LZ4 compression is only available after FreeBSD 9.2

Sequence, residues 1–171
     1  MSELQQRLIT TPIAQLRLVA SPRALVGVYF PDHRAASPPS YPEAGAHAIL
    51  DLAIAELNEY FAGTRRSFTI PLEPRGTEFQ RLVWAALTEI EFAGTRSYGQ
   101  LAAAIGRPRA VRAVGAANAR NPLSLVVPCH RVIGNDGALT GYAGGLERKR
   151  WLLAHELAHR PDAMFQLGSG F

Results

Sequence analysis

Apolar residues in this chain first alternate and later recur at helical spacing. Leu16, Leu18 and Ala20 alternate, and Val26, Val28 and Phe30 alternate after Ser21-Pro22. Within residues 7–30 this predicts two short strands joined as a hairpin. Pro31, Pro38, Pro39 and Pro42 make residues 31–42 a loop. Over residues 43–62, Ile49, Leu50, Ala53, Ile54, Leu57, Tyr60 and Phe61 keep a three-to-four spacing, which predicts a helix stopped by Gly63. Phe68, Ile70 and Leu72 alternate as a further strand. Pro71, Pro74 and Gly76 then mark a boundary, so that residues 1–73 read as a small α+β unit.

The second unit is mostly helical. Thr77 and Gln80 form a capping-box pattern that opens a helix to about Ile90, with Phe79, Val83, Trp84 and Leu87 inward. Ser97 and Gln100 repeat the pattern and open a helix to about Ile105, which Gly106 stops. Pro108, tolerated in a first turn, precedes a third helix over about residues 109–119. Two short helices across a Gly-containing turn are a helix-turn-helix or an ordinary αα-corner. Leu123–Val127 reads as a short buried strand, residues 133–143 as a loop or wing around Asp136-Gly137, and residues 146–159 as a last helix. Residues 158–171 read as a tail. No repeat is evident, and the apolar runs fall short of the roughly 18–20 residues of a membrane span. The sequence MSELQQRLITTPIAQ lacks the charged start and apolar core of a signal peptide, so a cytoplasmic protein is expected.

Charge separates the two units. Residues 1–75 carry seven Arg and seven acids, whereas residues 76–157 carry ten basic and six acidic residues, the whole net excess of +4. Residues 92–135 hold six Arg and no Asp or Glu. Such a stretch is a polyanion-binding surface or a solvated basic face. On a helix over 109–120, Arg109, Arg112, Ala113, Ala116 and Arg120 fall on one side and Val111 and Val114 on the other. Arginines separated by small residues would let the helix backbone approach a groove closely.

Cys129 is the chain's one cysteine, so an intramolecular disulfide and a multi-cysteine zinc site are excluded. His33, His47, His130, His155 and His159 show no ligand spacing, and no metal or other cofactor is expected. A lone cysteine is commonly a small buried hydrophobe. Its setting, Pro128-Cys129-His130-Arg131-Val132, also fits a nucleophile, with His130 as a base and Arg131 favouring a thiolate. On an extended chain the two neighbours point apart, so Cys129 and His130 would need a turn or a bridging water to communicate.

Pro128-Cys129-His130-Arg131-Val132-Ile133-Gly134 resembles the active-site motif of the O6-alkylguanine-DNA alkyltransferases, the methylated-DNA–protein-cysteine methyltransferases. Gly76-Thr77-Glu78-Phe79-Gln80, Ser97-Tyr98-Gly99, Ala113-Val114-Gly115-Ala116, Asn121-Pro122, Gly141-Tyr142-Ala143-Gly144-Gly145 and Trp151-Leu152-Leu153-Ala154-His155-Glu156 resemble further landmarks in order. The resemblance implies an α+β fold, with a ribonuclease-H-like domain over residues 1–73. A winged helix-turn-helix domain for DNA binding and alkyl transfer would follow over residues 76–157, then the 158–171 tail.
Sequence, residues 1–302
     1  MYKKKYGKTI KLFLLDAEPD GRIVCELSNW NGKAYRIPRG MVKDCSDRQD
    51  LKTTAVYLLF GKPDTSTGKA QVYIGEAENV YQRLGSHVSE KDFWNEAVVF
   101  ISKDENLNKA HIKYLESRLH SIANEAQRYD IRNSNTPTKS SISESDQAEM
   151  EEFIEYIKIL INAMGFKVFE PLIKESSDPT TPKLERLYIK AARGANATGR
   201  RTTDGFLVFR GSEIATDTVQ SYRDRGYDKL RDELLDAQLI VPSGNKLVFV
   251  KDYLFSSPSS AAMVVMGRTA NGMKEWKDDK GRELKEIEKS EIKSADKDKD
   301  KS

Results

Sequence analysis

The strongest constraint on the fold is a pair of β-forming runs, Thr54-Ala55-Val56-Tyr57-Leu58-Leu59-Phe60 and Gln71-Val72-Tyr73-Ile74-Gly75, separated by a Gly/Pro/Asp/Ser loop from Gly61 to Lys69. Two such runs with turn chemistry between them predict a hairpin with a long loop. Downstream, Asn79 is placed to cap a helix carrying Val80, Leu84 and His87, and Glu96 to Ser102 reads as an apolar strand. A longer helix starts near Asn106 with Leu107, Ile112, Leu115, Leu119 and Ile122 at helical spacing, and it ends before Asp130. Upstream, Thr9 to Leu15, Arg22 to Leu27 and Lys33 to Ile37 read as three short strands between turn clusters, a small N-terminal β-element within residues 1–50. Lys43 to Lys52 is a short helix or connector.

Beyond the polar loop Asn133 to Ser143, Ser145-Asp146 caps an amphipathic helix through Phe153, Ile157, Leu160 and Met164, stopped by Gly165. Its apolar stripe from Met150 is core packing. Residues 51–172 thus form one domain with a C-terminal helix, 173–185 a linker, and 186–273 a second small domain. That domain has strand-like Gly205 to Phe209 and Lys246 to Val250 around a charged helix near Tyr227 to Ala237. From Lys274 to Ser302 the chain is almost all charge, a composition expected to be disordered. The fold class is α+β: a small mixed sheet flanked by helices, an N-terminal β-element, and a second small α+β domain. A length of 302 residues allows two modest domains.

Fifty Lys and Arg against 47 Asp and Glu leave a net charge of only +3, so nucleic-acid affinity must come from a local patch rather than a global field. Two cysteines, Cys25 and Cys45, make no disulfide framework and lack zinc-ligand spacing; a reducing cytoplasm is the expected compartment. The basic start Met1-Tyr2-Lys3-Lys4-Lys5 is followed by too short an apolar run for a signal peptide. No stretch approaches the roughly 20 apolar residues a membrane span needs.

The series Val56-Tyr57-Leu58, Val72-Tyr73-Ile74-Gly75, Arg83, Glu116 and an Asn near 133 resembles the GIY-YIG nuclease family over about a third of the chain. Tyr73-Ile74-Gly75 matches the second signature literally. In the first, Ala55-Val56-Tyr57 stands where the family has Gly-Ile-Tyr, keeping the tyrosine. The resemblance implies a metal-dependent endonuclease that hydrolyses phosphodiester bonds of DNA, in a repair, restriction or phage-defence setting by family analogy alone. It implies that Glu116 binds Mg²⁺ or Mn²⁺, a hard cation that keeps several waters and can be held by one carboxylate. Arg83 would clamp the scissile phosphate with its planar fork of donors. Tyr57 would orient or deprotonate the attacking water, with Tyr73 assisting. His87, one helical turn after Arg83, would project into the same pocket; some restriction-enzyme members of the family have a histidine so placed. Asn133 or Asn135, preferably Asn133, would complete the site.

DeduplicationZFS has the ability to detect duplicate blocks of data as they are written (thanks to the checksumming feature). If deduplication is enabled, instead of writing the block a second time, the reference count of the existing block will be increased, saving storage space. In order to do this, ZFS keeps a deduplication table (DDT) in memory, containing the list of unique checksums, the location of that block and a reference count. When new data is written, the checksum is calculated and compared to the list. If a match is found, the data is considered to be a duplicate. When deduplication is enabled, the checksum algorithm is changed to SHA256 to provide a secure cryptographic hash. ZFS deduplication is tunable; if dedup is on, then a matching checksum is assumed to mean that the data is identical. If dedup is set to verify, then the data in the two blocks will be checked byte-for-byte to ensure it is actually identical and if it is not, the hash collision will be noted by ZFS and the two blocks will be stored separately. Due to the nature of the DDT, having to store the hash of each unique block, it consumes a very large amount of memory (a general rule of thumb is 5-6 GB of ram per 1 TB of deduplicated data). In situations where it is not practical to have enough RAM to keep the entire DDT in memory, performance will suffer greatly as the DDT will need to be read from disk before each new block is written. Deduplication can make use of the L2ARC to store the DDT, providing a middle ground between fast system memory and slower disks. It is advisable to consider using ZFS compression instead, which often provides nearly as much space savings without the additional memory requirement.